file0001449274978Rosemary – Rosemary is one of my favorite culinary herbs but it is a potent medicinal too. It is a wonderful woody perennial herb with light blue to purple flowers that does well in warm climates that don’t have cold winters. I have to keep mine in a pot because it dies in the winters here, but my parents have a rosemary bush that is 3 feet tall and shaped like a chicken (they like chickens). You can learn more about the medicinal benefits of Rosemary from the Natural Herbal Living Magazine September issue HERE.

41NW3JGYW0LHollyhocks – Hollyhocks are a beautiful tall perrenial flower that reach up into the sky with their stocks full of beautiful flowers that draw pollinators in. This summer cottage plant is beautiful against a fense or the side of the house with mid-height and shorter flowers in front of it adding different appealing height to your garden plot.

310tUeXwNHLSnapdragons – Snapdragons are a fun readily seeding annual plant that bloom from spring to fall  and bring in all sorts of fun little bugs and  birds. When I was a kid we used to squeeze the sides of the plant or put our fingers on the top and bottom and make them talk like a puppet. These beautiful flowers are full of fun.


Butterfly Bush – See above

Daylilies – See above

Marigolds – See above

Calendula – See above

Purple Cornflower – See above

Verbena – See above

Butterflies are especially attracted to the sweet scent of citrus trees. Just remember a grouping of the same type plant is easier for butterflies to see than one single plant – so plant a lot of one type.


Butterflies also enjoy puddles of water. The males form puddle clubs around the water and can be found from enjoying rain puddles to a water fountain, to even a bucket of water left in the yard. Once they have had their fun in the puddle clubs the males will chase away other males trying to attract females and become territorial. The females have elaborate routines as well, but mostly for choosing where to lay their eggs.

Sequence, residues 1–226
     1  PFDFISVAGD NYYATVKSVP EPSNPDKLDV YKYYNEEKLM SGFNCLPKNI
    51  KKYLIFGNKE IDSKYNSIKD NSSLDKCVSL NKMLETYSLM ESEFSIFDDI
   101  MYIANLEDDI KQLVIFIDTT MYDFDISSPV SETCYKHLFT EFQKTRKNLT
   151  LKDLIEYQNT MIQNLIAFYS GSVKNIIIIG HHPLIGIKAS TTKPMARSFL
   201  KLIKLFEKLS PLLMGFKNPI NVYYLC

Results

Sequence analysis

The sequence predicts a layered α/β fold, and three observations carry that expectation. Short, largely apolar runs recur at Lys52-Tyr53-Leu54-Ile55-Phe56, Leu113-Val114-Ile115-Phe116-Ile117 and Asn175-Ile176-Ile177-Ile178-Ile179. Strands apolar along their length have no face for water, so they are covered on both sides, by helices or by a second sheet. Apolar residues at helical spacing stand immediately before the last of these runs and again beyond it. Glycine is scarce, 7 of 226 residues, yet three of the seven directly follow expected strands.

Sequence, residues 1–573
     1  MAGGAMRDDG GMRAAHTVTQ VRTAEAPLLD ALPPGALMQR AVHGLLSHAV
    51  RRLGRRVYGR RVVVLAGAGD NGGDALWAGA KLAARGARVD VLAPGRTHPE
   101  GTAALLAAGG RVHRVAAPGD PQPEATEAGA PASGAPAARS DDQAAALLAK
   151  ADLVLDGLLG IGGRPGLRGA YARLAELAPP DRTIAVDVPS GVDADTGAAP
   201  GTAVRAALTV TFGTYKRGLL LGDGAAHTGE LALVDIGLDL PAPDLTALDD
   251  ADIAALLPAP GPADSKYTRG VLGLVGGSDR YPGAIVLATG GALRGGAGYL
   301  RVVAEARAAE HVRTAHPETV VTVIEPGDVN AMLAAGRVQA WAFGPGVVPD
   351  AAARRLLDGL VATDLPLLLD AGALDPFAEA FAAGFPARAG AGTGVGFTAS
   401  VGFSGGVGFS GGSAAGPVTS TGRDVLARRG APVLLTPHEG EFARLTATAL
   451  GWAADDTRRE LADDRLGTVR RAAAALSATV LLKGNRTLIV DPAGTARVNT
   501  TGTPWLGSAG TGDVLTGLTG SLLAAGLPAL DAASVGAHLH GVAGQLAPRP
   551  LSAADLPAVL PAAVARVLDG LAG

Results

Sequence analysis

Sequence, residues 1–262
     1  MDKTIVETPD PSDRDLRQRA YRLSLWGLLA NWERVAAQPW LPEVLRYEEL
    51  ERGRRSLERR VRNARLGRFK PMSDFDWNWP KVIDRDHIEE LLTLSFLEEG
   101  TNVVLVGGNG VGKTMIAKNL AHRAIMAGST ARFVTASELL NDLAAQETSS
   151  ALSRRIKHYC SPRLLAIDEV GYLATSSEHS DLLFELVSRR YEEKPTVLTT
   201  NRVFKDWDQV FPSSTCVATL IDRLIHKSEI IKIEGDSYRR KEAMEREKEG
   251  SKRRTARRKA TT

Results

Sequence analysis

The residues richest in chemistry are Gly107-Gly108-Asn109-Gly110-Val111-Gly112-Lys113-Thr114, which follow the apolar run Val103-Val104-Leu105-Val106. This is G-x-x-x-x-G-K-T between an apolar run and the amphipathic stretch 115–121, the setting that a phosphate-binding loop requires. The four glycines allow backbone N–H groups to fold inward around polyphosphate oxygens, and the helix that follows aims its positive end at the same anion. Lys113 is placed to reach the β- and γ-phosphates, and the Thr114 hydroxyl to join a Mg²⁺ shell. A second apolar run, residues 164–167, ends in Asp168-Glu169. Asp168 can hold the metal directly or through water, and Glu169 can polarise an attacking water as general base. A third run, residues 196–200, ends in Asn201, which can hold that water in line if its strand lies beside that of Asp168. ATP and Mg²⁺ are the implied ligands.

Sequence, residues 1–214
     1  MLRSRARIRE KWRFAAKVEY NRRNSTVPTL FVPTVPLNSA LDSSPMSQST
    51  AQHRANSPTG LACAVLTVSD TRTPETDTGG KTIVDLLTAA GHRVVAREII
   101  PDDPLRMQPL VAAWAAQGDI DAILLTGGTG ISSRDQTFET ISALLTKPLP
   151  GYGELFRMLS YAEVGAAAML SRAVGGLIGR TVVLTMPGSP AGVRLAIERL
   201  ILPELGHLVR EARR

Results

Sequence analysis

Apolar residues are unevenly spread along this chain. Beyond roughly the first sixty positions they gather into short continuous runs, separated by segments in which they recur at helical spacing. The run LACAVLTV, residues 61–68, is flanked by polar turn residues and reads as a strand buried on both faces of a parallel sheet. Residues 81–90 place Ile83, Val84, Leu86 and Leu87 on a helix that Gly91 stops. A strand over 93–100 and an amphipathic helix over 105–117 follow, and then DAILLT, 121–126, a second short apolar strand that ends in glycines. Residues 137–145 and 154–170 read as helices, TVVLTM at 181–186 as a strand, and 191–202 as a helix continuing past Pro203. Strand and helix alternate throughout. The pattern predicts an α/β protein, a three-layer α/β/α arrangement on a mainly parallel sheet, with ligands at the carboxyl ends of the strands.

Butterflies are cold-blooded and cannot regulate their body temperature. They hang out in the sun when it is warm out, but are seldom seen on cloudy days. Butterflies enjoy shady areas like trees or shrubs to hide in when it is too hot. When creating your butterfly garden, think of the whole life cycle of the butterfly and you will be rewarded with beautiful butterflies wanting to call your yard home, no matter what zone you live in.

Wondering what Annuals and Perennials are? See my post Annuals vs. Perennials Whats The Difference?

butterfly garden pinterest collage

About Amanda

Amanda is a mother of two amazing toddlers. She is an herbalist, natural living guru, and real food, gluten free eating pro. She loves to help educate others on how to take control of their own health through natural living, real food, herbs, essential oils, and most of all - a positive mind set. Her other business Natural Herbal Living Magazine is all about helping people learn about how to use one herb a month on a deep and profound level.
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4 Responses to Butterfly Gardens in Any Zone

  1. CelloMom says:

    Thank you for these thorough lists! My CelloPlayer has been scattering milkweed seed around our yard. These came from a pod on a twig we brought home because it also had a monarch chrysalis. We put it in a sheltered spot in the yard and were rewarded with being able to watch the butterfly hatch. So yes, we’re motivated to invite more butterflies now!
    (This week, reading “Flight Behavior”, Barbara Kingsolver’s latest novel. Featuring monarch butterflies. A great read).

  2. Kristen says:

    This is great info! I’m going to give some of these a shot–I know my girls will be psyched when they see their first butterfly in our yard! Thanks for sharing!

  3. Shary says:

    One of our goals this year is to start a butterfly garden. Thanks for sharing this! So helpful.

  4. Roechelle says:

    This is such a valuable post, very detailed and inspirational. Without our pollinators, there will be no us.